Continued crisis

The protests continued and got increasingly violent for the rest of the summer, as Lam refused to respond positively to the protesters' five key demands, namely the full withdrawal of the extradition bill, a commission of inquiry into the police misconduct, release and a possible amnesty of the arrested protesters, the retraction of the categorisation of the protests as "riots" and universal suffrage of the Chief Executive and Legislative Council. In early September 2019, Reuters published a recording of a behind-the-door talk that Lam had given in late August 2019 to several businesspeople. Lam said that "for a Chief Executive to have caused this huge havoc to Hong Kong is unforgivable. It's just unforgivable. If I have a choice, the first thing is to quit, having made a deep apology, is to step down." She also said "the political room for [the Chief Executive who serve two masters, Beijing and the Hong Kong people] maneuvering is very, very, very limited." Lam responded that the leak was "very inappropriate", and that she had "not even contemplated tendering resignation".[88][89]

Shortly after the leak, on 4 September Lam formally withdrew the bill after three months of unprecedented anti-government protests, but still refused to concede to any of the protesters' other four key demands. She also vowed to set up a platform to resolve tensions through dialogue to solve the current impasse.[90]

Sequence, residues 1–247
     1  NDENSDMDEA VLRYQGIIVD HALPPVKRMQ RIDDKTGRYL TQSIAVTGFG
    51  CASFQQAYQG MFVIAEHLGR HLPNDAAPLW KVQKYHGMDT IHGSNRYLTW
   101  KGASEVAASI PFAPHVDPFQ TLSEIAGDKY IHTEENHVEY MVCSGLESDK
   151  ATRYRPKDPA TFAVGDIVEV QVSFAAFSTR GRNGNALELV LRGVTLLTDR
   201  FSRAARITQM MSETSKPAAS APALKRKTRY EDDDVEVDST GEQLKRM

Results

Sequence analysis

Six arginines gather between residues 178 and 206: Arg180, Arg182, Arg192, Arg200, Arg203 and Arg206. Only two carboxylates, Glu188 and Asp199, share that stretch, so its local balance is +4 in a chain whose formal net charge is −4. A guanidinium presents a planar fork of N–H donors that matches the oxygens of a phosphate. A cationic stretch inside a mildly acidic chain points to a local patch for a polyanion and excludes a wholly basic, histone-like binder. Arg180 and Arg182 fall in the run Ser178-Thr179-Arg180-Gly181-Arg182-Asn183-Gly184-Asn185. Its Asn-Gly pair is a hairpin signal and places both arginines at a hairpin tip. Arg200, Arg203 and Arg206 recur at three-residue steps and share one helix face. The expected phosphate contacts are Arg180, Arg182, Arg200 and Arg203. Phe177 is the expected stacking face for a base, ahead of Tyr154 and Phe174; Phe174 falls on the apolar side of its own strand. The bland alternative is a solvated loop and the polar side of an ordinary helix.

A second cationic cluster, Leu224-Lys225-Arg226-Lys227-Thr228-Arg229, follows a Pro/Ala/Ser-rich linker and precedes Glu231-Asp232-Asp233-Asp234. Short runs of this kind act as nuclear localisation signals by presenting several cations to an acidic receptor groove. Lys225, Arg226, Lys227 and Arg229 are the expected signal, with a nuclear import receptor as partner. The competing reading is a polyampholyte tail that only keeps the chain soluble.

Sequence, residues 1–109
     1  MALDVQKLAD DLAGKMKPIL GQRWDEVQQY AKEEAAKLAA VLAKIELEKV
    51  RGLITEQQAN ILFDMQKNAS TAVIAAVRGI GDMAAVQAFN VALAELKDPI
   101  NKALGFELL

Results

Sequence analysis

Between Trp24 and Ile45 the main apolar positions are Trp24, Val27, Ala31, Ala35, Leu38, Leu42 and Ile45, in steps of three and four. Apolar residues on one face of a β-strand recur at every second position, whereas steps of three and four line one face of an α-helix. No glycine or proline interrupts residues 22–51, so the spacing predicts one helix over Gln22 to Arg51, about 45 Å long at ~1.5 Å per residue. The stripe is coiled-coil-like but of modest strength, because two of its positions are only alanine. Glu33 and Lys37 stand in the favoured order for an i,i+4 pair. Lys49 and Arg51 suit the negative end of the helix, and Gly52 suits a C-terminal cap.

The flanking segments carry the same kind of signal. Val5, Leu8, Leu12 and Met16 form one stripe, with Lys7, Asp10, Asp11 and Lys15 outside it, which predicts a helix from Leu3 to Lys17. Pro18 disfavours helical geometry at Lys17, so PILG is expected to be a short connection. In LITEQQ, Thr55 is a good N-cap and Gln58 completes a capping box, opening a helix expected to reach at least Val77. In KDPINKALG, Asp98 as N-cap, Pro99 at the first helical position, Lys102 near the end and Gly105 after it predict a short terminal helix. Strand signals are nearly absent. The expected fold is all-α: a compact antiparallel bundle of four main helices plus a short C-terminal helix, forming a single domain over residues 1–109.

Personal life

In 1984, Carrie married Hong Kong mathematician Lam Siu-por, whom she met while studying at Cambridge.[31] He obtained his PhD in Mathematics in 1983, under the supervision of Frank Adams.[91]

Siu-por used to teach at the Chinese University of Hong Kong and retired to England,[clarification needed] but has since taught[when?] some short courses at the Capital Normal University in Beijing.[92][93] The couple have two sons, Jeremy and Joshua, who studied in England.[94]

Their eldest son Jeremy joined Xiaomi, an electronics and software company in Beijing in April 2016. Her husband and both sons are British citizens, while Carrie herself renounced her British citizenship to take up the principal official post in the Hong Kong SAR government in 2007.[95]


In recognition of her career achievements and contributions to the community, Lam was awarded the Gold Bauhinia Star and the Grand Bauhinia Medal in 2010 and 2016. In 2013 she was awarded an honorary degree of Doctor of Social Sciences by Lingnan University and was made an Officier de la Légion d’Honneur by the French government in 2015.[18]

See also


  1. ^ a b Ho, Andrew (15 January 2013). "The SAR's Superlady" (PDF). The Student Standard. Hong Kong. pp. 6–7. Archived from the original (PDF) on 6 October 2014. Retrieved 3 October 2014.
  2. ^ a b "HK Tramways grows with time". Hong Kong Special Administrative Region Government. 18 July 2014. Retrieved 3 October 2014. Lam stated in a speech "To those who were born and brought up in Hong Kong like me"
  3. ^ "Hong Kong chooses first woman head". The Hindu. 26 March 2017.
  4. ^ a b Lum, Alvin (24 October 2018). "Hong Kong National Party founders lodge separate appeals against ban in effort to avoid legal action". South China Morning Post. Retrieved 24 October 2018.
  5. ^ Shih, Gerry; McLaughlin, Timothy (9 June 2019). "Hundreds of thousands in Hong Kong protest law to allow extraditions to China". The Washington Post. Retrieved 9 June 2019.